E. How Do Publishing Companies Make Money

Publishing companies make money through various avenues, but mainly by taking in book sales after paying authors the royalties they agreed on in a contract. 

Here are some primary ways publishing companies generate income:

1. Book sales

Selling books is a core revenue source for publishing companies. This includes sales of physical books through retailers (bookstores, online platforms) and digital copies (ebooks) through platforms like Amazon Kindle or proprietary websites.

2. Licensing and rights

Publishing companies can earn revenue by licensing the rights to their content. This includes selling foreign rights for translation and distribution in other countries, as well as adaptation rights for films, TV shows, or other media.

3. Subscriptions and memberships

For publishing companies that produce periodicals, magazines, or subscription-based content, revenue comes from subscription fees or memberships.

4. Advertising and sponsorships

Some publishing companies generate income by selling advertising space within their publications or on their digital platforms. Sponsored content or partnerships with brands can also contribute to revenue.

5. Merchandise 

Publishing companies might sell related merchandise like branded items, educational materials, or ancillary products tied to their published content.

6. Events and conferences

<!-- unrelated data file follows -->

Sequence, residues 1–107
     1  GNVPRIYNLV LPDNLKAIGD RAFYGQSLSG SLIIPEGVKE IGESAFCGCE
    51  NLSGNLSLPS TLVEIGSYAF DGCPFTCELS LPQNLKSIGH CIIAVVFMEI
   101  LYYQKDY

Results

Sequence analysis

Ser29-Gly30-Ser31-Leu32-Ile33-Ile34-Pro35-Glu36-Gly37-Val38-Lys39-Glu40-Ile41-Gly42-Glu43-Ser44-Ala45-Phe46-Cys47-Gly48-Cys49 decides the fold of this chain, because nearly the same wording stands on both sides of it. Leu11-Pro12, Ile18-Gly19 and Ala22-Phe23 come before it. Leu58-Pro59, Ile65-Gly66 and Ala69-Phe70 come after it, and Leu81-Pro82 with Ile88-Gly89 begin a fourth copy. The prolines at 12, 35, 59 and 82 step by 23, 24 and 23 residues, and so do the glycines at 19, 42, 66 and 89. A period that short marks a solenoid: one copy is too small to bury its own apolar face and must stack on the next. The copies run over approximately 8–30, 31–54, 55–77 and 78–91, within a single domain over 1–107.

Hosting events, book fairs, author tours, and conferences can be revenue-generating activities for publishing companies through ticket sales, sponsorships, and merchandise sales.

Wrapping Up

Starting a publishing company offers creative freedom and lucrative opportunities. Whether an author seeking autonomy or an entrepreneur supporting writers, it's a chance to build a brand, access tax benefits, and establish a professional presence.

The process involves setting goals, choosing a structure, and understanding legal requirements. From infrastructure setup to global distribution and revenue streams, it demands initial investments but promises returns through book sales, rights licensing, subscriptions, and more.

PublishDrive simplifies title management, distribution, royalty tracking, and sales analytics, aiding your publishing journey.

Get acquainted with PublishDrive and its benefits by watching this episode of The Self-Publishing with Dale Podcast